Adult Learning, Fluid vs. Crystallized Intelligence

Are you a Tortoise or a Hare — Learner?

Everyone has heard the story of the Tortoise and the Hare. It’s a favorite story, especially for children. Children love the idea that a slow turtle can actually beat the quick rabbit in a race. To me, the Tortoise and Hare story is a great example of how the underdog can win. And, it’s a good metaphor for how our educational race through early life can occur. If our proverbial finish line to formal education is to have a successful and well-paying career, it may surprise people to know that it can certainly be the Tortoise (slow learner) who wins this race over the Hare (fast learner). I’ll give you the two major reasons why — (1) speed in learning can lose its value over time, and (2) motivation can become the most important element in learning.

When we’re very young, it’s very easy to spot the Hares in our schools. These are the kids that seem to breeze through their subjects. They can grasp new concepts quickly, and they get straight As without really trying. They’re the lucky ones, we say — the ones with the “high IQs”. This is, of course, is similar to how the Hare jumps ahead in the race. But something changes in how we learn as we reach adulthood. We go from having “fluid intelligence” — the ability to learn entirely new things — to having “crystallized intelligence” — the ability to learn what is useful and adaptive to adult life. This means our brains begin to stop wanting to learn all new concepts, like in childhood, and want instead to learn the practical knowledge that is needed to be successful in adult life.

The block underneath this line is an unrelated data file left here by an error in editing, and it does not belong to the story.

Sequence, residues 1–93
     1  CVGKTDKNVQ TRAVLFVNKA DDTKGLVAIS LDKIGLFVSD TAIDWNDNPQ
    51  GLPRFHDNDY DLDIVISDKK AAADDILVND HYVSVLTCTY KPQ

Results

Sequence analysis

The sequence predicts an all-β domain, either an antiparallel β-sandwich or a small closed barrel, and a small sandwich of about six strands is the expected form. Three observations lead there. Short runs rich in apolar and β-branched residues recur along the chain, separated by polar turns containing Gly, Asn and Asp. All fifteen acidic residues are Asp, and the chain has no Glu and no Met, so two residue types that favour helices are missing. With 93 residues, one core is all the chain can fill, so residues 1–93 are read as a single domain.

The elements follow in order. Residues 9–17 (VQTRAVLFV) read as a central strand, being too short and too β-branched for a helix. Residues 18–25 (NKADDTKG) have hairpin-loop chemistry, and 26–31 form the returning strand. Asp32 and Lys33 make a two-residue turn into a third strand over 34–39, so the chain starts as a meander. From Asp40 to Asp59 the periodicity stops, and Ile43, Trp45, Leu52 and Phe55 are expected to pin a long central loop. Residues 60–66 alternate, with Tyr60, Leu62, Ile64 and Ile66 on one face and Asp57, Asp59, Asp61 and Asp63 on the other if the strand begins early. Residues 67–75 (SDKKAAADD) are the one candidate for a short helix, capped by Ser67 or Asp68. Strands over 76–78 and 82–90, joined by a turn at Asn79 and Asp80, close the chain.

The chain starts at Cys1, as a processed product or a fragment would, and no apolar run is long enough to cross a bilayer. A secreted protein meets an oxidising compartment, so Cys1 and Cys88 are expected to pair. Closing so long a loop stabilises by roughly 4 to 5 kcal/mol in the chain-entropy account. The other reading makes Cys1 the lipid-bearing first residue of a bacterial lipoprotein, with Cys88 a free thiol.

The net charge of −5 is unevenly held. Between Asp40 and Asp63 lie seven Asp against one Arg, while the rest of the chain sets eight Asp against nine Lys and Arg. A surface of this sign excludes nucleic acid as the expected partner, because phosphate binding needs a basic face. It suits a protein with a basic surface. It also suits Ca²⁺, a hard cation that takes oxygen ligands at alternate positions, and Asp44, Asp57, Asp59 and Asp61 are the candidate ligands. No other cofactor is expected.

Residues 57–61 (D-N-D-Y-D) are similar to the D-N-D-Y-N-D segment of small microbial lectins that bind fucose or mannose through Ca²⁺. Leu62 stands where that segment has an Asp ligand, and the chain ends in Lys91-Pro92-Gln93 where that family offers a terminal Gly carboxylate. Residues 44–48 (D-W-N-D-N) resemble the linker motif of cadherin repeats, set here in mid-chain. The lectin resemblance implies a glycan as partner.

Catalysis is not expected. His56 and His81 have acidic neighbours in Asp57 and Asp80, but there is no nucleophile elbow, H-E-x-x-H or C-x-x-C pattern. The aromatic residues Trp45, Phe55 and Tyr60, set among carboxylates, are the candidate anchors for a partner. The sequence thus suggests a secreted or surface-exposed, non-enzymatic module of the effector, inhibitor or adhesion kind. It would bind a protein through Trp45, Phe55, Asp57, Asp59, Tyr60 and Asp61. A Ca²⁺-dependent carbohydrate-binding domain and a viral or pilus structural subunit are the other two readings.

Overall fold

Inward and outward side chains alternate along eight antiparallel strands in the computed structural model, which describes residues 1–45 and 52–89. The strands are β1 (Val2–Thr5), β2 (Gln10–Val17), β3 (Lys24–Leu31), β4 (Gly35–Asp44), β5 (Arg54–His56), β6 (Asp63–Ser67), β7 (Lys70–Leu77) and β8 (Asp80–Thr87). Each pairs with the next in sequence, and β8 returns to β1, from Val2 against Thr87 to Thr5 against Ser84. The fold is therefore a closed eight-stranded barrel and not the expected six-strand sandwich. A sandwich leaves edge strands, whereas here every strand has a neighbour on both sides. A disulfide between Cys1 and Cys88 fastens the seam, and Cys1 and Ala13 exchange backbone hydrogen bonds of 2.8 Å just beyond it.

In the Tortoise and Hare story, the Hare stops to take a nap because he’s so far ahead, and this can also happen to really high achieving students. Having learned everything so fast and easily, they can lose interest and fail to see the meaning in what they have learned. Somehow, just getting the A grade starts to lose its value over time, and they can decide to take a little nap from learning. The Tortoise, on the other hand, keeps moving forward and catches up. Slower learners can learn content just as well as faster learners, it just takes them more time.

The second way that the Tortoise can pull forward in the race is through motivation. Sometimes it is the Tortoise who finds an area of study that greatly interests them, and their motivation can soar, making them want to work that much harder. It is generally agreed upon that the people who go farthest in life are those who work the hardest — Genius is 1% inspiration and 99% perspiration, as Thomas Edison says. In this regard, if the Hare begins to lack motivation, speed in learning will eventually peter out. The Tortoise and Hare story can be a great lesson for all of us, because it shows that it’s never too late to get ahead in learning and achievement. Keep learning throughout your life because a slow and steady progress can oftentimes beat an initial quickness and win the race.

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